Friday, April 28, 2006

Standing up against Canada

Several major media sources have somehow claimed that Harper's softwood lumber deal is a victory rather than a complete concession - a fact which hasn't gone without due comment. But within one of the attempts to fawn over Harper's betrayal of Canada lies the surest indictment of Harper's actions:
There will be many complaints, protests and bellyaches from interest groups, opposition parties and sectors of the lumber industry that have been shortchanged in the agreement. They had already started before the seven-year deal was announced.

But the big political message of the day is that Mr. Harper pulled off a feat that eluded Paul Martin, by both strong-arming and smooth-talking Canada's provinces and lumber industry, and by cozying up to U.S. President George W. Bush. In doing so, he managed to get the two countries and the three major lumber-producing provinces -- Ontario, Quebec and British Columbia -- to reach a near-unprecedented consensus.
Now, I tend to the view that Canada should never have been looking to negotiate its wins in the first place. And there's plenty of reason to doubt that there's any point in negotiating another deal when the conflict itself arises out of the U.S.' refusal to live up to the last major trade agreement between the two countries.

But let's put that aside, and ask what policy should have been adopted if Canada was going to look to negotiate a settlement. From my perspective, the best strategy would have been to assemble Canada's allies on the issue...which if played right, could have included its domestic producers, its provinces, a Bush administration which for all its faults has at least tried to pay lip service to freeing trade rather than shackling it, and American industries who would be better off if Canadian lumber was traded freely rather than subject to CFLI's obstruction. Perhaps the Libs' stated animosity for Bush kept them from putting together that combination, but there's no reason why the Cons couldn't have put in more effort to band those groups together in order to counter CFLI's lobbying.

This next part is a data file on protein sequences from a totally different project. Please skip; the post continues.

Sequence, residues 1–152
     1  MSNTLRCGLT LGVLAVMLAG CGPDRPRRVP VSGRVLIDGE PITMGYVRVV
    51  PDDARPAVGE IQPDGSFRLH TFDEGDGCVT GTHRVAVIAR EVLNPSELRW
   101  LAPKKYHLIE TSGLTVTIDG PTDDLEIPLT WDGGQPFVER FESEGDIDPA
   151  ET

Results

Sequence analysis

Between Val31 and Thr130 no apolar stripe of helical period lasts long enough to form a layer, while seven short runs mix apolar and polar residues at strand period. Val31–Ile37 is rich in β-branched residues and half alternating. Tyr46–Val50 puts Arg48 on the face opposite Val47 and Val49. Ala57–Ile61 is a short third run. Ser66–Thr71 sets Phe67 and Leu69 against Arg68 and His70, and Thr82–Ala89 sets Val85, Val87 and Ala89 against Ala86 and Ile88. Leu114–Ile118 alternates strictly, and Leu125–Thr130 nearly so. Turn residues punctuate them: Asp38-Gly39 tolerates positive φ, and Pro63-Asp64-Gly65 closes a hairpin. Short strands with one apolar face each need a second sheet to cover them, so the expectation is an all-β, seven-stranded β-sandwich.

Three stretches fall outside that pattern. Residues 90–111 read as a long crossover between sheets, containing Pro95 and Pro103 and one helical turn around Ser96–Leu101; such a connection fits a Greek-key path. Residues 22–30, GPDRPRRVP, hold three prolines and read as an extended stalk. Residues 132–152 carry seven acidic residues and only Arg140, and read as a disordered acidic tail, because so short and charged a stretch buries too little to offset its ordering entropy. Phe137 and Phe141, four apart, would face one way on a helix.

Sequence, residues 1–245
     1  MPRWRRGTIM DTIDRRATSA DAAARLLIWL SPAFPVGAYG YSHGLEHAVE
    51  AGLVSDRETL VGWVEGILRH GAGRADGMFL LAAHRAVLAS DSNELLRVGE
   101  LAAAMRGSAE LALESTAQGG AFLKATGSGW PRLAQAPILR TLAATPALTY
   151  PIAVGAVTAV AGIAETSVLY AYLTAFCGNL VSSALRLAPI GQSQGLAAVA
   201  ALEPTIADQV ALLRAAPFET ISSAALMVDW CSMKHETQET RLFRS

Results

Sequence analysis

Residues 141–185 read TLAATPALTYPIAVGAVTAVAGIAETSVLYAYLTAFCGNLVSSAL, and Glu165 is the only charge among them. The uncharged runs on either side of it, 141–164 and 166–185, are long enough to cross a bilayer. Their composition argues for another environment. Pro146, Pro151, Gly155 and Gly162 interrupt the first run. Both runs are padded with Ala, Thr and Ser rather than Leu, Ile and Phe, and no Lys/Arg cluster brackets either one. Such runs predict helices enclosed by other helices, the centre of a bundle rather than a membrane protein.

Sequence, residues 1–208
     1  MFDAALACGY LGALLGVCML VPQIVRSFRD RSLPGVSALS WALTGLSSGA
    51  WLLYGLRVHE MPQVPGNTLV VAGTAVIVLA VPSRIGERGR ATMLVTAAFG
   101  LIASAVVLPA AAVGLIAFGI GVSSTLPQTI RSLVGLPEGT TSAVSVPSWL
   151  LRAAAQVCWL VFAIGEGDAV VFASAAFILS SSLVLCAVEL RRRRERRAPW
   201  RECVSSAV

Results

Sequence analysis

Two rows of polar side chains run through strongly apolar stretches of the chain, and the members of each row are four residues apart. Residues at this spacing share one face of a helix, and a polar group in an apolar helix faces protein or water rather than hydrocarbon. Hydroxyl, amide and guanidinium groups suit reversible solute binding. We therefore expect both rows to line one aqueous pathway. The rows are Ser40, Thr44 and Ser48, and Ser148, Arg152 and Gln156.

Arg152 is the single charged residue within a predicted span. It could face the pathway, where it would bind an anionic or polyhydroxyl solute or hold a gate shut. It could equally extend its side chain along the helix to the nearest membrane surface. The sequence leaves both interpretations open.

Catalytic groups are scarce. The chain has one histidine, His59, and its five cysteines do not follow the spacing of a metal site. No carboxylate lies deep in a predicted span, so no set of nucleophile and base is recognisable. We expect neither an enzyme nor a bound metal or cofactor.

With all those groups lined up together, there would have been a serious chance to negotiate an agreement worth signing (to the extent the U.S. could be trusted to keep it). Maybe Canada would have had to leave some money in the hands of the U.S. government, or maybe it would have accepted a few lesser restrictions on its own industry...but surely an effort to negotiate the best possible deal wouldn't have led to Canada turning legal victories into negotiated defeats on every issue involved.

But instead of uniting those who share his interests and dividing his nominal opponents in order to secure the best possible deal for the country which he was elected to represent, Harper took the exact opposite tactic in order to make sure that some type of deal got done. Hence his strong-arming Canada's provinces and domestic industries, ignoring the potential for support for a reasonable deal from within the U.S., and accepting a deal which the Libs almost certainly could have achieved themselves if they'd been irresponsible enough to see it as a positive outcome.

It's been well pointed out that the end result will almost certainly be more arbitrary actions against Canadian goods as other industries (or perhaps CFLI again) decide that they'd like to take advantage of the next Harper windfall. But as bad as that end result may be, it's even worse knowing that the man nominally speaking for Canada in any conflict is perfectly willing to harm his own side for political gain.

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